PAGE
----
[4 Best Methods] To Update Keys With A New Value In JavaScript

So, you want to know how to update keys with a new value in JavaScript? Well, luckily for you, today we are going to break down the four most common ways to do so!

A key in JavaScript is an important aspect of any dictionary, array, and tuple and it’s equally as important to learn how to update them. Keys are especially important in dictionaries and other data structures that use key-value pairs that correspond to different titles and values.

Updating keys in JavaScript is quite simple since JavaScript is a loosely typed programming language and allows duck typing. However, because of that, it has room for errors and mistakes which can result in issues. Keys can also be defined within separate objects which allows for better control and manipulation of the variables within the object. As we will explore a bit later on.

So let’s skip the boring stuff and lets jump right into the best ways to update keys with a new value in JavaScript:

Method 1: Update Keys Individually

let obj1 = {
  key1: "value1",
  key2: "value2",
  key3: "value3"
}
   
// You can simply update the single key value to another value using [] parenthesis
obj1['key1'] = "updated value1";
console.log(obj1)

Result:

[Running] node "g:\article\tempCodeRunnerFile.js"
{ key1: 'updated value1', key2: 'value2', key3: 'value3' }
 
[Done] exited with code=0 in 0.127 seconds

The aforementioned block of code represents updating a single key value within an object, you can update whatever value you want by simply changing the key name within the obj1[“key”] call.

This is the easiest way to update a key-value pair in JavaScript, however, it may not be the best for your needs if you need to update many keys in an object.

Method 2: Update Keys With for… in Loop

Taking the past method one step forward, we can iterate through an object in JavaScript with the for…in loop.

Below we will show the exact same solution as the one above but with the key updating happening within the loop:

const obj1 = { key1: "value1", key2: "value2", key3: "value3" };

for (const key in obj1) {
  if(key === "key1")
    obj1[key] = "updated value1";
}

console.log(obj1);

result:

[Running] node "g:\article\tempCodeRunnerFile.js"
{ key1: 'updated value1', key2: 'value2', key3: 'value3' }
 
[Done] exited with code=0 in 0.322 seconds

Although this method works as intended, there is a more… JavaScript-y way of doing things. A forEach iterator!

Method 3: Update Keys With Object.keys() and forEach()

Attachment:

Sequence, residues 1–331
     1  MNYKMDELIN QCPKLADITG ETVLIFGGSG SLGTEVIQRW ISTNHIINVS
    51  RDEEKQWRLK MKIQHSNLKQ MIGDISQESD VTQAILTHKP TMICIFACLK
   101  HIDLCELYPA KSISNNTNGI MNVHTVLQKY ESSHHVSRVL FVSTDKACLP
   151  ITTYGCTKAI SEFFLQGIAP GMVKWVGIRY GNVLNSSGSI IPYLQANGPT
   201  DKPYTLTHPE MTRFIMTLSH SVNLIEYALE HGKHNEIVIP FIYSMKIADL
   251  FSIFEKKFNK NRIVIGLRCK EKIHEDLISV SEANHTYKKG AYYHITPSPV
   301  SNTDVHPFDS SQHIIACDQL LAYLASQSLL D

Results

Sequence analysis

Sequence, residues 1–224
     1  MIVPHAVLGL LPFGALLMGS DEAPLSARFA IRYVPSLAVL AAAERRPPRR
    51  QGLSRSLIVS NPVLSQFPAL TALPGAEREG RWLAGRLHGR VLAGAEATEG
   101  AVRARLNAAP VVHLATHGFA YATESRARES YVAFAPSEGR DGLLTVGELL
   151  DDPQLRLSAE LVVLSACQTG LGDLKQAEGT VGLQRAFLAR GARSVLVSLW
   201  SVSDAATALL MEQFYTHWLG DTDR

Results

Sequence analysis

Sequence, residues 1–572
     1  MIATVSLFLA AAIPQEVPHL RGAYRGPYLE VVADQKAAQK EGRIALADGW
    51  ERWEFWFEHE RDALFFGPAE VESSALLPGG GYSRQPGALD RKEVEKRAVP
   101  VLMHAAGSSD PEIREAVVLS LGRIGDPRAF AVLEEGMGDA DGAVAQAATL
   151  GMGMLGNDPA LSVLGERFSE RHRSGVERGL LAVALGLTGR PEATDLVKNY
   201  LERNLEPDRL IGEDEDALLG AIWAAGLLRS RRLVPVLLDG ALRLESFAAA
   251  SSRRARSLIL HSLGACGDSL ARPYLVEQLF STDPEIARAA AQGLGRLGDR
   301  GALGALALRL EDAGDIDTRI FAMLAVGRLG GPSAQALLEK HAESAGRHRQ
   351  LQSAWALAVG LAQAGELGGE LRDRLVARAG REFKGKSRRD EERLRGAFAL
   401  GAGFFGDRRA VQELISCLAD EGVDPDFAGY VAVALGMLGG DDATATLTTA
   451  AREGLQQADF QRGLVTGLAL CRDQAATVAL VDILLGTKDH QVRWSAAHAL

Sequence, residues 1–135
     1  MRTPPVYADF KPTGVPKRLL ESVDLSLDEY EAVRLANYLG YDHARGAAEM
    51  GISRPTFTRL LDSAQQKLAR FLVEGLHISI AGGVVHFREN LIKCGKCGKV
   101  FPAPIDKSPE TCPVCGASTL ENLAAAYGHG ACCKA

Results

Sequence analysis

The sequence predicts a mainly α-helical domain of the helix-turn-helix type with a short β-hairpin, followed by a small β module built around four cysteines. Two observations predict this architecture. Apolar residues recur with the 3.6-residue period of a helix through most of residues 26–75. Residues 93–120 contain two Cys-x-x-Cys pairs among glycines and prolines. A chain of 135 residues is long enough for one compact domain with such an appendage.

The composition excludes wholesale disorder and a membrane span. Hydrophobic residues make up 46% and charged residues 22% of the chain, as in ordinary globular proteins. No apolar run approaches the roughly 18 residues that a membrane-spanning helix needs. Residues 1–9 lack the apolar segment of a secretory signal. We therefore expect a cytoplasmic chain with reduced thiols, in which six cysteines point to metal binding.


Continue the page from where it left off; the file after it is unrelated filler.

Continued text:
Another popular and widely used method to update object key values is to invoke the object.keys() function to fetch all the keys in the object and then use a forEach method to iterate over the existing keys one by one, you can define the changes/updated values for each key in the object which will be changed during the iteration.

Let’s see an example of how this will actually work.

 const obj1 = {
   key1: "value1",
   key2: "value2",
   key3: "value3"
 }; // This is the starting key-value object
 
 
let keys = Object.keys(obj1); // We can also call the object.keys() method in another object variable to view the 'before' object.
console.log(keys)
 
// This will simply iterate over each key and whatever condition we have issued to the if clause will be implemented in the key object
keys.forEach(key => {
  if (key == "key3") {
    obj1[key] = "updated value3";
  }
});
 
console.log(obj1) // Prints the new key-object.

Result:

[Running] node "g:\article\tempCodeRunnerFile.js"
[ 'key1', 'key2', 'key3' ]
{ key1: 'value1', key2: 'value2', key3: 'updated value3' }
 
[Done] exited with code=0 in 0.124 seconds

Method 4: Update Keys With Object.keys() And reduce() Function

Our final way to update keys in JavaScript is to invoke the object.keys() method and pair it with the reduce() function. A built-in JavaScript feature.

The reduce() method will simply return the accumulator’s last value or which is ‘accumulated’ and the rest of the keys will be reduced to a single value.

This method is unique to the previous methods because it is immutable and creates a new object.

Let’s take a look at an example.

const obj1 = {
  key1: "value1",
  key2: "value2",
  key3: "value3"
}; //A simple key-value object by the name of 'obj1'

let keys = Object.keys(obj1);
     
let obj2 = keys.reduce((accumulator, key) => {
  return { 
    ...accumulator, 
    [key]: '' 
  };
}, {}); // A new key-value object 'obj2' with the reduce function activated, the values will be reduced to a single value and return the last value in the accumulator
     
console.log(obj2);
console.log(obj1);

Result:

[Running] node "g:\article\tempCodeRunnerFile.js"
{ key1: '', key2: '', key3: '' }
{ key1: 'value1', key2: 'value2', key3: 'value3' }
 
[Done] exited with code=0 in 0.116 seconds

This method does not write over the existing value but rather returns an entirely new key-value object for each updated value in the accumulator.

As you can see this method is a bit more complicated, but it allows you to easily copy keys into a new object, or create an operation without losing your original object.

If you want more information on the reduce() functions, check out this article.

Summary

Overall, there are four popular ways to update keys in JavaScript. You can update keys individually, loop through your keys with a for…in loop, traverse the key with a forEach() iterator, or reduce() the object to copy the keys into a new object.

These options are great ways to update keys in JavaScript because they are very common and people looking at your code will understand what you’re trying to do quickly and easily.

Hopefully, now you understand how to properly update keys in JavaScript, and as always, happy coding!

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